When General Motors decided it would keep Opel in the company's brand portfolio, it knew the price tag would be hefty. The Detroit News is reporting that price tag on The General's decision to retain its European arm is 1.9 billion euros ($2.7 billion in U.S. funds). And that's just GM's part of the bill. The automaker is also looking for 2.0 billion euros ($2.8 billion U.S.) in loans from European countries that have Opel facilities in their borders.

The General had reportedly been asking for up to 2.8 billion euros ($3.8 billion U.S.) in loans, but Germany pulled back on a promise to assist with the Opel restructuring after GM decided not to sell the brand to a group lead by Magna. To complete Opel's restructuring, GM plans to eliminate 30 percent of its European unit's structural costs and cut up to 10,000 jobs. Part of those structural costs includes the closure of several manufacturing facilities, some of which may reside in Germany.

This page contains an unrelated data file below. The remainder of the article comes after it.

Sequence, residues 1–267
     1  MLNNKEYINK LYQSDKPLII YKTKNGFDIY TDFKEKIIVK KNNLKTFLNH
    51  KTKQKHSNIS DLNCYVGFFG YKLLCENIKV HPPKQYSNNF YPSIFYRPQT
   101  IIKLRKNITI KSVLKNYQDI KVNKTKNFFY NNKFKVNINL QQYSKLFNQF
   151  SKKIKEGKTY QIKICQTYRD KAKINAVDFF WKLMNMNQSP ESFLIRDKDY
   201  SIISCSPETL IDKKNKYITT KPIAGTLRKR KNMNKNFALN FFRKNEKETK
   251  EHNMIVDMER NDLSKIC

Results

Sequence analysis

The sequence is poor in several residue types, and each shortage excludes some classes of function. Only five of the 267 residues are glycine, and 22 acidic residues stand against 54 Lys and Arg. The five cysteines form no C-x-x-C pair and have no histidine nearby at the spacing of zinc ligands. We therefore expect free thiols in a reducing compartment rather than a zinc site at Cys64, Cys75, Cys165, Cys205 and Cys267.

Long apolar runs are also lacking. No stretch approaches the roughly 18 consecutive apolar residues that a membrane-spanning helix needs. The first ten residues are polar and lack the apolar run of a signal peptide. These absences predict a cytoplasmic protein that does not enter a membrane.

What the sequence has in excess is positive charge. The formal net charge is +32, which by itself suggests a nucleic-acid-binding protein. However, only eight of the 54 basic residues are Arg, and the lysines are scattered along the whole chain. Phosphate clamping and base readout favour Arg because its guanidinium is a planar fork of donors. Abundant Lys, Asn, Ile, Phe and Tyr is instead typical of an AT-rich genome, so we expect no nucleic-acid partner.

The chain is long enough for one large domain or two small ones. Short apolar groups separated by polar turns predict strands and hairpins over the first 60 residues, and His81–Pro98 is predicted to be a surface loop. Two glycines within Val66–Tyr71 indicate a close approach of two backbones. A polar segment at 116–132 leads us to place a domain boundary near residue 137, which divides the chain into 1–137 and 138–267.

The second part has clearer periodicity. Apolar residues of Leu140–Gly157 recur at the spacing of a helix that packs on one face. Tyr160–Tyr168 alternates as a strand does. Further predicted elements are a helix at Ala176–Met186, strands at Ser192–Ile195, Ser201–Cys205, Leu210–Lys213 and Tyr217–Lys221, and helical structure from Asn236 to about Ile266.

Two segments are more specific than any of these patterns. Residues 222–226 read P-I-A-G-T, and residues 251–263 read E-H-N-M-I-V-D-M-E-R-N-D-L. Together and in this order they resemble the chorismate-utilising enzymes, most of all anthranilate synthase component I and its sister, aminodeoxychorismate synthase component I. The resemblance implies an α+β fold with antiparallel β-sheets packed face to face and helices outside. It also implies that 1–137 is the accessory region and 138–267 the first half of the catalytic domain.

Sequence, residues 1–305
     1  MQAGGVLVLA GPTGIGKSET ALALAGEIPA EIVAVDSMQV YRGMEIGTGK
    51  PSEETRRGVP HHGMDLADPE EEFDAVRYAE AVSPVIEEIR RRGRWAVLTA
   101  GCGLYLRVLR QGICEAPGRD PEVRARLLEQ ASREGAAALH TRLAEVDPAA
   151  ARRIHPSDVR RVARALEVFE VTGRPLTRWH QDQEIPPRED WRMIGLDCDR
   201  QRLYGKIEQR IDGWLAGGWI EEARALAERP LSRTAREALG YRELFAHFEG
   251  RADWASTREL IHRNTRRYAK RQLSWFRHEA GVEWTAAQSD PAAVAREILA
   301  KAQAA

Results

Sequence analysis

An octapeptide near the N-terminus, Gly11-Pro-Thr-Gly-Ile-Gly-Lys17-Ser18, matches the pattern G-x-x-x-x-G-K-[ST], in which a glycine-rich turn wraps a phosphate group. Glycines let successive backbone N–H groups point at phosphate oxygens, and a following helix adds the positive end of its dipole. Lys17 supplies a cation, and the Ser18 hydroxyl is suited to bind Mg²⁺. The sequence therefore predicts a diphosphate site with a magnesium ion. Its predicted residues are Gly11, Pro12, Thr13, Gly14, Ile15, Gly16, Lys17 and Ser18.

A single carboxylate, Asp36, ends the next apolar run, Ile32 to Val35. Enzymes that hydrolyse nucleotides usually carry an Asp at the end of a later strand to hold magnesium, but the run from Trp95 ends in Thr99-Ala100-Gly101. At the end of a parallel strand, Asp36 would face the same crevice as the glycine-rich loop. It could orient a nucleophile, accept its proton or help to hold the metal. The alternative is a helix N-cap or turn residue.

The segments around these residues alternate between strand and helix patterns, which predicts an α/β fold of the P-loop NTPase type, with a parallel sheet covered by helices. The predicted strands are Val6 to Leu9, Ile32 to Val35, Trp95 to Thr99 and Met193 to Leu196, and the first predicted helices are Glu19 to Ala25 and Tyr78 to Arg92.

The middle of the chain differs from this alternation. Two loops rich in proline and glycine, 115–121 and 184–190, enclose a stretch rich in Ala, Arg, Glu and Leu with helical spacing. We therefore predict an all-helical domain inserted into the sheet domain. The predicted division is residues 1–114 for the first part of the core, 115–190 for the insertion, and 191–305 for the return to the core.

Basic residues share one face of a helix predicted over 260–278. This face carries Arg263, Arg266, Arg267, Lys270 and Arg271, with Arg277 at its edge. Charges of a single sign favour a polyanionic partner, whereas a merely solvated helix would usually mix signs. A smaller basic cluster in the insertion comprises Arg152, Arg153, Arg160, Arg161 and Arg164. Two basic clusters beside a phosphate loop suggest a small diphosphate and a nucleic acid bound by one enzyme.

In a prepared statement, GM CEO Ed Whitacere called the financial commitment to Opel "of vital importance for GM to demonstrate our commitment for our European operations," adding "we see this as a major step towards instilling renewed trust and confidence into Opel/Vauxhall's customers, employees, business partners, unions, dealers and European governments."

[Source: The Detroit News | Image: Clemens Bilan/AFP/Getty]

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